The government of the Democratic Republic of Congo has said there are two teams left in the race to build the $12bn first phase of the Grand Inga dam complex.
One is a Chinese team composed of hydropower specialists Three Gorges and Sinohydro; the other is a Spanish group is made up of giant contractor Grupo ACS (Actividades de Construccion y Servicios) and infrastructure group Eurofinsa, both based in Madrid.
Bruno Kapandji, the DRC’s former foreign minister and the head of the Development and Promotion Office for the Grand Inga Project, told a press conference on Friday that the Chinese group was promising to bring the project online more quickly.
He said: "The Spanish said they’re going to finish all the works in five to six years. The Chinese candidate said a maximum of five years – and if they’re free to do whatever they want to do they can even do it in four."
A third bidder, composed of South Korea’s Posco and Daewoo in partnership with Canada’s SNC-Lavalin withdrew in March. Eleven teams have expressed an interest in the dam since it was announced in 2010.
A winner will be named by August with a view to beginning construction in June 2017.
This scheme will involve building Inga 3, the DRC’s third dam on the Inga Falls. This is expected to produce 4.8GW of electricity, almost double the country’s present installed generating capacity.
The location of the two existing Inga dams and possible sites for future construction (Wikimedia Commons)
This dam is the first of a series that are expected to be built on the Inga Falls. In its final form, the scheme may consist of about eight power stations built over about 50 years for a sum of something like $100bn.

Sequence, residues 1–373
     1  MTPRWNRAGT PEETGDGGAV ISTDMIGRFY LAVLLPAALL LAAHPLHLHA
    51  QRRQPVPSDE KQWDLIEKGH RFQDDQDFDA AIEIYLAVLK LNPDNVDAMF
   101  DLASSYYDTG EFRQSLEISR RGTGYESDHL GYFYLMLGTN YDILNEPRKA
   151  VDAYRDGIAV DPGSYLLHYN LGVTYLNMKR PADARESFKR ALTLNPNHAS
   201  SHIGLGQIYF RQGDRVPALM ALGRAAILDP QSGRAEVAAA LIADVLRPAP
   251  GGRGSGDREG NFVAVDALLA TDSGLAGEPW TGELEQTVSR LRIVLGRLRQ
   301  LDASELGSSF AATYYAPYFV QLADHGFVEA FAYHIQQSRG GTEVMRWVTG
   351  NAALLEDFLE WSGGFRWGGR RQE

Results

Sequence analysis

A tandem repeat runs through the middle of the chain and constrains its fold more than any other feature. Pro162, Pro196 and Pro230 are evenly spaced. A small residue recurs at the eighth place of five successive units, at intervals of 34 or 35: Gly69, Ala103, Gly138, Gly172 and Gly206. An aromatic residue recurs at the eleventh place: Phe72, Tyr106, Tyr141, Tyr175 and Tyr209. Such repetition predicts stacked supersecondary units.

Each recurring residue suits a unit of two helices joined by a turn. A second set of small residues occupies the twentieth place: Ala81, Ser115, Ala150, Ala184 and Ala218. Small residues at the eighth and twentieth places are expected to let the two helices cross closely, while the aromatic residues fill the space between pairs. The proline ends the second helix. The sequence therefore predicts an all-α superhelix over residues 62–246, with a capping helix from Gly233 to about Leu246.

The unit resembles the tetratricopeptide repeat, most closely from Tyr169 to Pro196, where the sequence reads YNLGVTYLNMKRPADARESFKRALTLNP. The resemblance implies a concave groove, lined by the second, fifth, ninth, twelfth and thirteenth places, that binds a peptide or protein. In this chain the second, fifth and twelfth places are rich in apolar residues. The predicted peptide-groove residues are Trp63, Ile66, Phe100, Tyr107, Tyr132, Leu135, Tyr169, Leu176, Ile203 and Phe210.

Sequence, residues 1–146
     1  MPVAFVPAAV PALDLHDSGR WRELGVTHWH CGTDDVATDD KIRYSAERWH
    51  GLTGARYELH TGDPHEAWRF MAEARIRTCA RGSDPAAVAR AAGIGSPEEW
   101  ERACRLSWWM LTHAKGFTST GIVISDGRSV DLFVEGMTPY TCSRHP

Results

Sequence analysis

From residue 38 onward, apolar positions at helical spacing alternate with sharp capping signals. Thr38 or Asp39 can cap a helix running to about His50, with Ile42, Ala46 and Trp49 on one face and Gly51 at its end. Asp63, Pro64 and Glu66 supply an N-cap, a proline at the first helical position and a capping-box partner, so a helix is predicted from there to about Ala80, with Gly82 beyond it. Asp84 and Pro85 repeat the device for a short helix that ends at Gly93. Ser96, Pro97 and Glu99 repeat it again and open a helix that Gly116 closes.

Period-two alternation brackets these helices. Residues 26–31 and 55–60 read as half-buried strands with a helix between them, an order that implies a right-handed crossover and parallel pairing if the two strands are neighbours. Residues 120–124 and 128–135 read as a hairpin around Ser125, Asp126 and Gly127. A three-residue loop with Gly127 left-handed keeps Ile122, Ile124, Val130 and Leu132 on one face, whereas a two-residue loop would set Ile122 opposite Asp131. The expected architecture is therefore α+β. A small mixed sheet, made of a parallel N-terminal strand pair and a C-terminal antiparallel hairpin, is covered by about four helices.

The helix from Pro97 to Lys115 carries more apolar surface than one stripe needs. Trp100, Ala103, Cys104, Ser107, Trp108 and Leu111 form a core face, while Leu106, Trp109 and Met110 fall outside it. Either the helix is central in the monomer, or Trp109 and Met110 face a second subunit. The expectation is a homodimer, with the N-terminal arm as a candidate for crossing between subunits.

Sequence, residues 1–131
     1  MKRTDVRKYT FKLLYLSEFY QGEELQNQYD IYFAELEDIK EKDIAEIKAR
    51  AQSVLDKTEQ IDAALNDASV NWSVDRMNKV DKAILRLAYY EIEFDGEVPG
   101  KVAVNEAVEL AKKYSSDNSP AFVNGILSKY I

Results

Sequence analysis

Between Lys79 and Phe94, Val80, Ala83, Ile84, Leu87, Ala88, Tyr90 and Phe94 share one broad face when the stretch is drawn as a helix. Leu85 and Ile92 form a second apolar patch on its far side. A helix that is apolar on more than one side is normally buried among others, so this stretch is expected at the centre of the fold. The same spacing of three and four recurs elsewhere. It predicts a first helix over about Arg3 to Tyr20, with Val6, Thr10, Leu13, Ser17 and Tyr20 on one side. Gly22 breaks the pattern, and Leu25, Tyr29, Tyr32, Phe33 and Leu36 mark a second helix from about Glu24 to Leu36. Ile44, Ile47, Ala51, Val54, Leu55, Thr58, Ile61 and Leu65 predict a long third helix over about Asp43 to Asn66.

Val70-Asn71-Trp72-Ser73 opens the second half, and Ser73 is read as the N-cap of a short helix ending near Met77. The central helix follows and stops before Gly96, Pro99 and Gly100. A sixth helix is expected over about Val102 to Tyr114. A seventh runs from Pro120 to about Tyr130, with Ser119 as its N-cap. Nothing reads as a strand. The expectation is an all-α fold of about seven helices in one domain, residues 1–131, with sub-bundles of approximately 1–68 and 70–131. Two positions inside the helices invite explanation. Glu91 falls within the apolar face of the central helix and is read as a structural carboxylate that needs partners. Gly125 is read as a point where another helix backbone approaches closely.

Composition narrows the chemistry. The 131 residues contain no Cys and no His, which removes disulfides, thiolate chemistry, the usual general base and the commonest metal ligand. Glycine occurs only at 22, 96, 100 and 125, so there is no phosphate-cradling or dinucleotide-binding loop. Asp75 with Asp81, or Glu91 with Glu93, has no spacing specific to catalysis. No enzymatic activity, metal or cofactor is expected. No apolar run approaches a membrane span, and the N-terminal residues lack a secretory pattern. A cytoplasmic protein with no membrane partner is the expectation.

The total installed capacity of the falls will be between 40 and 50GW, making it the largest power producer on Earth and the most important piece of infrastructure in sub-Saharan Africa.
The site of the Grand Inga is unique because it allows hydropower dams to be built near the mouth of a major river, where its kinetic energy is greatest. Usually possible dam sites are located further upriver, where the valley is narrower. About 42 million tonnes of water flow through the lower Congo every second, the second greatest volume after the Amazon. Â
The DRC has already found a number of buyers for its future electricity. According to the World Bank, South Africa will buy 2.5GW beginning in 2020 and the mining industry will buy 1.3GW. A deal with Nigeria may be signed next month, and a memorandum of understanding was signed with Egypt in February during a visit by Matata Ponyo, the DRC’s prime minister, to Cairo.
The remainder will go to the Société Nationale d’Ã‰lectricité, the DRC’s national utility. This will provide power to about 7 million people in the Kinshasa city region. The aim is to provide all unmet electricity needs there by 2025.
Top image: The River Congo as it enters the Inga Falls (Wikimedia Commons)